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ESG Explainer: On the Road to Transition

With the transport sector a significant generator of greenhouse gas emissions, electric vehicles are an important element of the net zero transition.

In 2021, global electric vehicle (EV) sales more than doubled to 6.6 million, representing nearly 9% of the overall car market, says the International Energy Agency (IEA). This represented a tripling of EV’s market share from two years earlier. Moreover, all of the net growth of global car sales in 2021 came from the sale of EVs.

“In the world of clean energy, few areas are as dynamic as the electric car market,” says the IEA. “In the whole of 2012, about 130 000 electric cars were sold worldwide. Today, that many are sold in the space of a single week.”

China has emerged as a driver of the global EV market, almost tripling sales in 2021 to reach 3.4 million units sold. More electric cars were sold in 2021 in China alone than were sold in the entire world in 2020.

At COP26 in Glasgow last year, governments, businesses, and other stakeholders in the automotive industry and road transport committed to “rapidly accelerating the transition to zero emission vehicles to achieve the goals of the Paris Agreement”. Signatories to the declaration included EV-focused car manufacturers such as Avera Electric Vehicles, BYD Auto and Etrio Automobiles, along with internal combustion engine (ICE) incumbents such as Ford, Mercedes-Benz and Volvo.

“Every OEM (original equipment manufacturer) has to become a manufacturer of EVs,” says Philippe Houchois, Equity Analyst at Jefferies. “It is not clear that all start-ups bring an edge to the automotive industry, apart from Tesla. However, pure EV manufacturers can potentially scale up at much lower volumes – batteries are modular, motors are identical – and therefore could bypass incumbents and render them less relevant.”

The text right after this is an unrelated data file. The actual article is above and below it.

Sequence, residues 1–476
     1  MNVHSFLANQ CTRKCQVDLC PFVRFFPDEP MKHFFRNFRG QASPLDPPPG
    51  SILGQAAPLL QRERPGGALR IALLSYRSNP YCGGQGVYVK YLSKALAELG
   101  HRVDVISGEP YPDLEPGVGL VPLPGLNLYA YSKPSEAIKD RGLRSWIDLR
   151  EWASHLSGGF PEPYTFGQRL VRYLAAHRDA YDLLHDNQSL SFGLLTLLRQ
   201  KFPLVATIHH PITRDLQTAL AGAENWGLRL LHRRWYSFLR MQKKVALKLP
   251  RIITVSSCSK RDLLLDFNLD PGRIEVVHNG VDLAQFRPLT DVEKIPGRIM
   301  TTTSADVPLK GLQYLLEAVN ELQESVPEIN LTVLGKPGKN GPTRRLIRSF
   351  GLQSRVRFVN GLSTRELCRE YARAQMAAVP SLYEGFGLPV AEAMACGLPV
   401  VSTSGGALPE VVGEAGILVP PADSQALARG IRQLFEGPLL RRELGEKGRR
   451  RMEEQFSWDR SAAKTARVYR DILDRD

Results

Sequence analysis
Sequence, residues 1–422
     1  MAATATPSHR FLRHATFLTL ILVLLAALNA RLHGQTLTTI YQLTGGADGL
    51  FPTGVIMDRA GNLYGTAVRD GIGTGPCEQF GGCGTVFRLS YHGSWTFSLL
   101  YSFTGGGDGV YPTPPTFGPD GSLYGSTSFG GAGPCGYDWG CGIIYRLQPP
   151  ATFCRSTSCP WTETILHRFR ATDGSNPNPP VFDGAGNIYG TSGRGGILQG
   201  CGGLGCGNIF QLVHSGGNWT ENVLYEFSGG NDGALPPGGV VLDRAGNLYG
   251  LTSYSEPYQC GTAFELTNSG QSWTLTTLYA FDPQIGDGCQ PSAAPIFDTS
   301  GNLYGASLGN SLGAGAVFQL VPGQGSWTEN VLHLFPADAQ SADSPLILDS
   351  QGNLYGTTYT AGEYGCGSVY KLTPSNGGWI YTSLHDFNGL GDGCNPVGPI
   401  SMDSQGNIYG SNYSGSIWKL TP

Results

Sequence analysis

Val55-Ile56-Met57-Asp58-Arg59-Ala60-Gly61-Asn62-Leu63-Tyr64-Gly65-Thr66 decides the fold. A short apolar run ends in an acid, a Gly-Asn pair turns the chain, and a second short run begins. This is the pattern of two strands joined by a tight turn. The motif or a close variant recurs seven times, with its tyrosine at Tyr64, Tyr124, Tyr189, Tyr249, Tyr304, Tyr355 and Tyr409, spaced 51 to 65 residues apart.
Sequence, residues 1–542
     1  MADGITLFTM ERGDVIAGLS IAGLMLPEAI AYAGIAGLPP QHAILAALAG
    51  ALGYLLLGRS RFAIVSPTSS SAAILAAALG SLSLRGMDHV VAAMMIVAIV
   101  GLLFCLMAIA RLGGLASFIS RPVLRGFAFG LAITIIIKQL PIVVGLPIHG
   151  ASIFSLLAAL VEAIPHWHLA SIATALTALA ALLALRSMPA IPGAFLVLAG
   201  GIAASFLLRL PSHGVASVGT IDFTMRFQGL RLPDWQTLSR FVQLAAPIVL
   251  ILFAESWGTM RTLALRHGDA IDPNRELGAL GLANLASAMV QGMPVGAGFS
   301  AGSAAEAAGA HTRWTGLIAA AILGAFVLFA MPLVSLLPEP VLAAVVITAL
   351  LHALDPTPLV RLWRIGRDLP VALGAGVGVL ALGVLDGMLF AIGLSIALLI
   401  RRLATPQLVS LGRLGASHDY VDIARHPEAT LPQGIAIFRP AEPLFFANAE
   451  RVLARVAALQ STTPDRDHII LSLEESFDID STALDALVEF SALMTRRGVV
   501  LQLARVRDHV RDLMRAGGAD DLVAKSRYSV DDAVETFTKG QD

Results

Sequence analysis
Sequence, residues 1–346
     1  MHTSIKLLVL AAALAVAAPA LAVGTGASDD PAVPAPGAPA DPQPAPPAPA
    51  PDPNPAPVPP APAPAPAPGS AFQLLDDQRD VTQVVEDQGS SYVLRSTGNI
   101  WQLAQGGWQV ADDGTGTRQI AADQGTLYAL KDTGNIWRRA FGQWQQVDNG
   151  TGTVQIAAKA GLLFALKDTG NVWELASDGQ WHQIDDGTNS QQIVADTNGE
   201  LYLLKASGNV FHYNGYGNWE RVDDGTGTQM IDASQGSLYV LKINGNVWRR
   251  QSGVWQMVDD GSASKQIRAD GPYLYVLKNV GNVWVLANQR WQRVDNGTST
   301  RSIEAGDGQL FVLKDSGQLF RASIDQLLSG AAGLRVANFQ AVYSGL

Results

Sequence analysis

This explainer looks at how asset owners should approach investment in the EV market.

What are the main gains of EVs from a climate viewpoint?

Electric vehicles powered by low-emission electricity offer the largest decarbonisation potential for land-based transport, says the Intergovernmental Panel on Climate Change (IPCC) in its most recent report on climate change mitigation.

In most countries, the transport sector is the largest contributor to greenhouse gas emissions and wide-scale adoption of EVs features in many countries’ net zero transition plans. In the UK, the Climate Change Committee (CCC) has called for all new light-duty vehicles (including passenger vehicles, taxis, vans, motorbikes etc) to be fully battery-electric by 2032. “The full transition to EVs will be one of the most important actions to achieve the UK’s Net Zero target,” says the CCC.

Released last month, the UK’s new EV infrastructure strategy commits £1.6 billion to expand the country’s charging network, with around 300,000 public chargers expected to be available by 2030.

The European Green Deal proposes zero emissions from new cars by 2035 and a 55% reduction of emissions from cars by 2030. A significant increase in the uptake of EVs will be needed to achieve these goals.

The EU’s subsequent ‘Fit for 55’ strategy further ramped up road transport decarbonisation ambitions with measures to accelerate the roll-out of charging infrastructure, make EVs more accessible to consumers and establish a clear, binding phase-out date for fossil fuels.